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BWW Album Review: Welcome to HEATHERS' Sweet and Sour Candy Store

BWW Album Review: Welcome to HEATHERS' Sweet and Sour Candy Store

Let's be honest: you probably already have an opinion about Heathers. The cult '90s movie became an off-Broadway musical (with a score by Kevin Murphy and Laurence O'Keefe) with equally cult-hit status, attracting intense fans and intense disdain alike. Now, it's finding new life in London's West End, where the show's biggest production to date is currently running. The newly released West End cast recording includes all the fan-favorite songs from the original version, as well as a few new additions. For longtime fans, it's a welcome treat to have an updated version, but it's unlikely to win over longtime skeptics.

Carrie Hope Fletcher is an interesting choice to play protagonist Veronica, the nerdy girl who gets sucked into the orbit of three popular girls in a violent, campy proto-Mean Girls plot. She's got a strong voice, and from the very beginnings of "Beautiful," she adeptly shifts between her inner beltress and her mousy-girl spoken lines. And yet, by the time we get to teenage-lust-anthem "Dead Girl Walking," the notes in her upper register become a little weak, and this fluctuation carries through several of the songs on the album. She does, however, shine on "Seventeen," the gentle ballad that gives us a break from the gleefully violent campiness of the rest of the show to just press pause on the craziness and let our teenage characters simply be kids for a few moments.

Opposite Fletcher is Les Mis vet Jamie Muscato as JD, a creepy amalgamation of every early-90s high school bad boy: a tormented, if charming, soul with a dark streak. I'll admit: although JD's signature paean to nihilism and cynicism, "Freeze Your Brain," is a fan favorite, I simply can't get past lyrics that pay tribute to gas station linoleum and take themselves so seriously. Muscato is appropriately creepy, and his voice darkens along with his character arc, journeying through JD's unlikeable, downright horrifying actions all the way to a modicum of sympathy with "I Am Damaged."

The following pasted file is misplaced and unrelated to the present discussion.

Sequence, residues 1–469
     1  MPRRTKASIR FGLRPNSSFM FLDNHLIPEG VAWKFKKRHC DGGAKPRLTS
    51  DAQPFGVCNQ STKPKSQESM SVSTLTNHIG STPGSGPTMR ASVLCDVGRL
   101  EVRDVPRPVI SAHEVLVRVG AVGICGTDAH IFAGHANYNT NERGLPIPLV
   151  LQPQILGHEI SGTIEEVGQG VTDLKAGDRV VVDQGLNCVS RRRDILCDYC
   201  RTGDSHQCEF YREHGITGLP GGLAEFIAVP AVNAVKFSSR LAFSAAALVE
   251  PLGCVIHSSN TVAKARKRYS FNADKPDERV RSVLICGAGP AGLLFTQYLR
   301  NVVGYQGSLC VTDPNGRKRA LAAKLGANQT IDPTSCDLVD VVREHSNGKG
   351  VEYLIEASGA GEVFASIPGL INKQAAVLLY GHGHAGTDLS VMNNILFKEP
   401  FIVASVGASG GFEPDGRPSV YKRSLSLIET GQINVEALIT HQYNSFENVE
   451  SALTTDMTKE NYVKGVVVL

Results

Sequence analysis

It wouldn't be Heathers without the Heathers: three mean girls in candy-colored costumes, here played by Jodie Steele, Sophie Isaacs and T'Shan Williams. Their signature song, "Candy Store," is definitely catchy and energetic - it's a full-fledged earworm. That's true of most of the score: it's incredibly catchy. Is that charming or annoying? Could go either way, but it's nice to be reminded, after years of Heathers being pigeonholed as the too-serious obsession of overly-angsty theatre kids, that the score has moments of real, sharp, unflinching insights into what it's like to be a teenager. Even when the lyrics are cheesy or wildly mundane - and they often are - there's something about them that captures the simultaneous cynicism and hopefulness of being seventeen.

As not-quite-evil Heather McNamara, Isaacs gets the chance to break out of the mean-girl stereotype more so than her co-stars. But it's Williams who gets a brand-new song: "Never Shut Up Again," a surprisingly brutal and nuanced song for an unsettlingly familiar moment in the story: where the long-misused sidekick finally climbs to the top, only to become the very person she despised.

There are two other new songs on the album that have been added since the original off-Broadway recording from 2014. Fletcher's "I Say No" is a late-Act 2 song that musically marks Veronica's moment of emancipation from the tangled web she and JD have woven. The song fits right into the rest of the soundtrack and, truly, feels like a song that should have existed long before now. Heathers has always been an odd bird in terms of how it handles its female characters, their sexuality, and their agency, but this new song shades in some spots that were musically missing before; it's a great addition.

The other is a replacement for an old song, rather than a new musical moment: "You're Welcome" replaces "Blue" for the tense moment where Veronica is cornered and threatened by the resident duo of entitled jocks. It's a darker, tenser song that takes away some of the goofiness of "Blue"; instead, it's an unforgiving, unsettlingly perky capture of rape culture and high school harassment that doesn't end after high school. By changing the central image of the song, O'Keefe and Murphy keep the dark humor but raise the stakes. It's representative of Heathers as a whole: trying to comment on serious ideas and invert tropes, but sometimes getting bogged down by its own stylization and tropes of its own.



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From This Author Amanda Prahl

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